Internal evaluation of the project will consist of making sure the proposed number of podcasts and videos are produced and reaching listener/viewer targets. In addition, the demographic information of the featured farmers will be recorded to ensure we are consistently representing BIPOC and female farmers above the national averages per the USDA (2% and 30% respectively).

External evaluation will rely primarily upon surveys conducted online. Further, constructive comments, feedback, and reviews will be collected via Apple podcasts, YouTube, and social media. These will be reviewed to assess the evolving areas of interest of the listeners/viewers and anecdotally assess the quality of the educational products as they are released.


Click linked name(s) to expand/collapse or show everyone's info


Educational approach:

The primary educational approach used in EDS21-27 is farmer-to-farmer interviews syndicated through podcast platforms for ease of access. Once popular or engaging specific areas of interest are identified, our secondary approach is to further illustrate AOI through the use of video through YouTube.

Educational & Outreach Activities

25 Consultations
42 Curricula, factsheets or educational tools
3 Tours
2 Webinars / talks / presentations

Participation Summary:

28 Farmers participated
Education/outreach description:

Podcasts Produced Under SARE EDS21-27 (syndicated to all major podcast platforms)




Date Released

Downloads (4/19/22)


Hayden O'Donnell

Goodie Farm

Hayden O'Donnell of Goodie Farm in Cherry Valley, California joins the show to talk about being a first generation farmer, expanding land under cultivation and diversifying crops, running a farm store, integrating animals, pricing food and more. Check out their Farmsite and follow them on Instagram.

Nov 1, 2021


Mimi Casteel

Hopewell Wine

Mimi Casteel of Hopewell Wine in Salem, Oregon and Farmer Jesse talk about the place and potential of no-till and cover-crops in viticulture, how her practices have evolved over the years, remineralization, foliar micro-nutrient applications, how truly healthy plants make great wine, the broader societal implications of regenerative viticulture, and genuinely nerd out about wine bit.

Nov 8, 2021


Richard Wiswall

Cate Farm

Richard Wiswall of Cate Farm, Vermont and author of The Organic Farmer's Business Handbook joins Jesse to make the case for paying as much attention to the business of farming as we do the growing. He talks about having a cooperative mindset, the hidden costs of direct marketing, dropping loss leaders, doing market research, the power of a smiple crop-budget and cost-benefit analysis, and goes deep on plant sales.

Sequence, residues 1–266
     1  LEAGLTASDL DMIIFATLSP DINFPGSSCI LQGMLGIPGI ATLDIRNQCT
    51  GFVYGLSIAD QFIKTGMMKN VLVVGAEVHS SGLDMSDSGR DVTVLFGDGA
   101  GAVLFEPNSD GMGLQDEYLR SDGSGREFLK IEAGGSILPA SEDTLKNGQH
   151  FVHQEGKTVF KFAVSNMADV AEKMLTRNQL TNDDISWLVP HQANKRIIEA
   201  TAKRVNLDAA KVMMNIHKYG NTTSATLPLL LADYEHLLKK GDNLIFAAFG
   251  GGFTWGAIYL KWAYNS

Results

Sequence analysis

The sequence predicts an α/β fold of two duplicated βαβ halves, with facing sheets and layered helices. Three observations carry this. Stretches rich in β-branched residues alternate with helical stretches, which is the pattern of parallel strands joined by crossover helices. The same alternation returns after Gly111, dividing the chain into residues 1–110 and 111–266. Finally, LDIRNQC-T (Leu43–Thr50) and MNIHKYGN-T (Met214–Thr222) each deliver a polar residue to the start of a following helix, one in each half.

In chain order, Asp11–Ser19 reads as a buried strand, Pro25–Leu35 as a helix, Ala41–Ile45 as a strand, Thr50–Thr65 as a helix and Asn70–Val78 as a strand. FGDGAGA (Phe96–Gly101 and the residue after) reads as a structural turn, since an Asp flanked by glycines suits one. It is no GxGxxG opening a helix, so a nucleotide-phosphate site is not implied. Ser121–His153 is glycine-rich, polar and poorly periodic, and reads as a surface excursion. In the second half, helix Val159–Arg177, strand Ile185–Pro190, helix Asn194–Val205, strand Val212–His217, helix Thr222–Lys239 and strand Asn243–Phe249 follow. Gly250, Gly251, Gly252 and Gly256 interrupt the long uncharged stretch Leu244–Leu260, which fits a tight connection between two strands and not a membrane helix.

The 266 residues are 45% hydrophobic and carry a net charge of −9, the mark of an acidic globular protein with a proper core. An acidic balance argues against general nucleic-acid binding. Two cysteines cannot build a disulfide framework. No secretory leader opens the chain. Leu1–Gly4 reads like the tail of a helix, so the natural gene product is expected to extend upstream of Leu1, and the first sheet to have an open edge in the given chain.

Nov 15, 2021


Gerry Ross

Kupa'a Farms

This week Gerry Ross of Kupa'a Farms joins the show from the dry side of Maui, who knew?, to talk about tropical farming in an arid climate, growing mulch, 14+ years straight of CSA, boosting organic matter, GINGER, and a whole lot else. Really fascinating conversation, really fascinating farm. Enjoy.



Jeremy Mueller

Commonplace Farm

Jeremy Mueller of Commplace Farm--formerly of Excelsior Farm--in Oregon joins the show to talk transitioning farms, scaling up from a market garden to a 10+ acres of not-so-small salad greens farm, mechanization, systems, wholesale head lettuce vs salad production, misadventures with a flail mower collector, and more.

Nov 29, 2021


Nazirahk Amen

Purple Mountain Organics

Nazirahk Amen of Purple Mountain Organics is BACK on the show to talk about how he saw the crack epidemic impact farming and food sovereignty in Black communities in the South, some of lesser known histories of how African Americans and shaped the food system, connects soil mineralization with human nutrition, and shares some more technical aspects about small scale dry bean, wheat, and rice production. Check out his Instagram for some truly awesome videos about the mechinization he uses to farm these staples.

Dec 6, 2021


Dawson Mehalko

Jubilant Fields Farm

Seventeen year old Dawson Mehalko of Jubilant Fields Farm joins the show to talk about his small farm in Texas. About managing the heat with greens, soil management, irrigation, compost, and more! 

Dec 13, 2021


Mason Kuehn

Winter Park Urban Farm